NEW YORK (CNN/Money) -
The file-sharing software known as Morpheus sure looks like Napster, but Steve Griffin, CEO of its manufacturer, StreamCast Networks, believes he can avoid Napster's fate. "I'm frankly a little tired of the 'pirate' moniker that is sent our way," he says.
Twenty-nine entertainment companies think the moniker fits. All are parties to a copyright infringement suit against the company, alleging that Morpheus helps people swap copyrighted songs and video clips on the Internet.
Nashville's StreamCast doesn't deny the charge but claims that it's not to blame. While Napster ran a directory of the files available on its network -- making it difficult to deny that its proprietors knew what was going on -- Morpheus merely helps users connect to one another. Its servers "have no knowledge of particular files being transferred," the company said in recent legal filings. StreamCast, in other words, believes that it's no more guilty of copyright violations than Microsoft (MSFT: up $0.56 to $55.35, Research, Estimates) is for crimes people commit while surfing on Internet Explorer.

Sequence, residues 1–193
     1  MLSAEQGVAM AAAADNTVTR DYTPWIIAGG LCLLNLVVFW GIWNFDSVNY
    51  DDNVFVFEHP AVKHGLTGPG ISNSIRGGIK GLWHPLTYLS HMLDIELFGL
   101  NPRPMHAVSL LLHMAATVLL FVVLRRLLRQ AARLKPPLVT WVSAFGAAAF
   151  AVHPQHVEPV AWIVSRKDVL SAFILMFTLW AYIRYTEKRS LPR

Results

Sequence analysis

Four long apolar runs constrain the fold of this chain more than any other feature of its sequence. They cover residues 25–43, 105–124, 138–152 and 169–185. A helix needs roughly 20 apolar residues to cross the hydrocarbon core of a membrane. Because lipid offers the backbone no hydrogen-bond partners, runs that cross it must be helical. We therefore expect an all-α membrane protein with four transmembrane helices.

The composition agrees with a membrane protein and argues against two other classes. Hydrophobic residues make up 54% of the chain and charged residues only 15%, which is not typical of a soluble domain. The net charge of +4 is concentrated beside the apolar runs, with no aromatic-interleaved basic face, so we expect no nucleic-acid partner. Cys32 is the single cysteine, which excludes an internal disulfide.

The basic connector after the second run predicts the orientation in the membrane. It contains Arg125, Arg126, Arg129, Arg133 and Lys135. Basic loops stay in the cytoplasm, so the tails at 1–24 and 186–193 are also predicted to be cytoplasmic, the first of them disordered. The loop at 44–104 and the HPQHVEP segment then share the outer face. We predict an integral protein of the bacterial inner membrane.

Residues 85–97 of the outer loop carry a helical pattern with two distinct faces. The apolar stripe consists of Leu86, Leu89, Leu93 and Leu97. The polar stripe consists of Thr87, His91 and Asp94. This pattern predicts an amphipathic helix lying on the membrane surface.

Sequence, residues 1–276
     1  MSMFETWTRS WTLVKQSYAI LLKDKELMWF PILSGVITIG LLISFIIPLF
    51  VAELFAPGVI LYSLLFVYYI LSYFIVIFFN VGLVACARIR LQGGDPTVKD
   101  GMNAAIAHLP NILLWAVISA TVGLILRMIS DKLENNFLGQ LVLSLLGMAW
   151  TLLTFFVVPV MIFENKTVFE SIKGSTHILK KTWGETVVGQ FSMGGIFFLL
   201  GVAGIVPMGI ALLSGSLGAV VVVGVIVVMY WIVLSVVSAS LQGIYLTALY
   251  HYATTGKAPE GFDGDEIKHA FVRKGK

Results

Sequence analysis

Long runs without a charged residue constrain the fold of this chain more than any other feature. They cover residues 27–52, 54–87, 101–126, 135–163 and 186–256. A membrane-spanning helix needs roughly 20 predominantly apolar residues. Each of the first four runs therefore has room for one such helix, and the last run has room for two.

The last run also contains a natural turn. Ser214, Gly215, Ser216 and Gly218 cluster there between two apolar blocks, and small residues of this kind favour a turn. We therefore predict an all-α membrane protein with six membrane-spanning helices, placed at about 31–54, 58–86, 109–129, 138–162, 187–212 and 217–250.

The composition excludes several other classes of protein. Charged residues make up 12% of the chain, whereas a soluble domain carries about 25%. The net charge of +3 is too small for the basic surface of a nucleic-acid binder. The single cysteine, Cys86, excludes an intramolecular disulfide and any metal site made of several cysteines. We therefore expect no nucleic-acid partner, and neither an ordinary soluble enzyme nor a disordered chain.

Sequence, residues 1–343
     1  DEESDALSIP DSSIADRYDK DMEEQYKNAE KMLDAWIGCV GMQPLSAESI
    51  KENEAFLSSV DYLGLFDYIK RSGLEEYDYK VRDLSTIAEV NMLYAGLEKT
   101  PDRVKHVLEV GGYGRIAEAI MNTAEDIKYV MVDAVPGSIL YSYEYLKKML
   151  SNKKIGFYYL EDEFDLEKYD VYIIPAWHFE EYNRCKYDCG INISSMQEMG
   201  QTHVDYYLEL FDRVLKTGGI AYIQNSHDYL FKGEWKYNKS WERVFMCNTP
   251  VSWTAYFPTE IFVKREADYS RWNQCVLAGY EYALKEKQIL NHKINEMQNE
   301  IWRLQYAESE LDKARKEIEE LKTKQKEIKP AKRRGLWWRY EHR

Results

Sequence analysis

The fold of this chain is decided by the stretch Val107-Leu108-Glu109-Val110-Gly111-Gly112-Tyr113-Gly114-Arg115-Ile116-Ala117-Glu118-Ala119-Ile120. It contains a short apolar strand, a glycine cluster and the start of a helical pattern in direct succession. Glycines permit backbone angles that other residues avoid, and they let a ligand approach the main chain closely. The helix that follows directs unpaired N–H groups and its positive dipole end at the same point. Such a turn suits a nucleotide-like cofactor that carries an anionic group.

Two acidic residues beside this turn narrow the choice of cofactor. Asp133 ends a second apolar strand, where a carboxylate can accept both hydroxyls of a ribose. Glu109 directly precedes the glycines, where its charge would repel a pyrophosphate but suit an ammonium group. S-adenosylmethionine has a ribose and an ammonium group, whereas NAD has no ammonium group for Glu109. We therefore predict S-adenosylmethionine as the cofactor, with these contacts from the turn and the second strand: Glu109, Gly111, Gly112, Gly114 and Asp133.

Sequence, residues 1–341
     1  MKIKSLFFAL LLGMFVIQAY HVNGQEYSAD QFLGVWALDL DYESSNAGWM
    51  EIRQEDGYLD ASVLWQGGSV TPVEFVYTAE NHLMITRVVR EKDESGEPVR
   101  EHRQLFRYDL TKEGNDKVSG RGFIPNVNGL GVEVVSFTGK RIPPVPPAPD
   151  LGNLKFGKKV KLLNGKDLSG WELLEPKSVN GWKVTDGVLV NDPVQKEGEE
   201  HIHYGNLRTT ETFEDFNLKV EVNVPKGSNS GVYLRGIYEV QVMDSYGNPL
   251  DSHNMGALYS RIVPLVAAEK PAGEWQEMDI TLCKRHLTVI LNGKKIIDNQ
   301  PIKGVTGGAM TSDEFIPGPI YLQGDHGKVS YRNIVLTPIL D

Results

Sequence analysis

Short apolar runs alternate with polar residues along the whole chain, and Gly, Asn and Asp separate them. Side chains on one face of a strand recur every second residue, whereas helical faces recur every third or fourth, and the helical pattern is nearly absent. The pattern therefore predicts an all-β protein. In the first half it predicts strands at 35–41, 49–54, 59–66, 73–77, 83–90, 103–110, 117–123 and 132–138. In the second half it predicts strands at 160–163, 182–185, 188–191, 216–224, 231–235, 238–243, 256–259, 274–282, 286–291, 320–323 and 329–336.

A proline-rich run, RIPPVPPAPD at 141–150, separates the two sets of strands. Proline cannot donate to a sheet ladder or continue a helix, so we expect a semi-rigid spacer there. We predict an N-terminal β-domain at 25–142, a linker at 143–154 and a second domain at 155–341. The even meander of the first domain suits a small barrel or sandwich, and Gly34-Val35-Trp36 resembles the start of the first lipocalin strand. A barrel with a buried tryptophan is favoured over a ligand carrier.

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What the courts must decide is whether Morpheus's "substantial noninfringing uses" -- that is, all the legal kinds of file sharing it makes possible -- outweigh the copyright violations that take place on it. It'll be a tough argument, says Lon Sobel, a professor of law at the University of California at San Diego and the editor of the Entertainment Law Reporter, because most people aren't using Morpheus to distribute songs or movies of their own creation.
A Hollywood victory wouldn't be the end of the story. Morpheus can lose -- but it can't be stopped. That's because it has no central server and millions of Morpheus downloads are already in circulation. "StreamCast could disappear from the face of the earth," Sobel says. "But all of the children it gave birth to are leading independent lives of their own."
Ian Mount (firstname.lastname@example.org) is a senior writer at Business 2.0.
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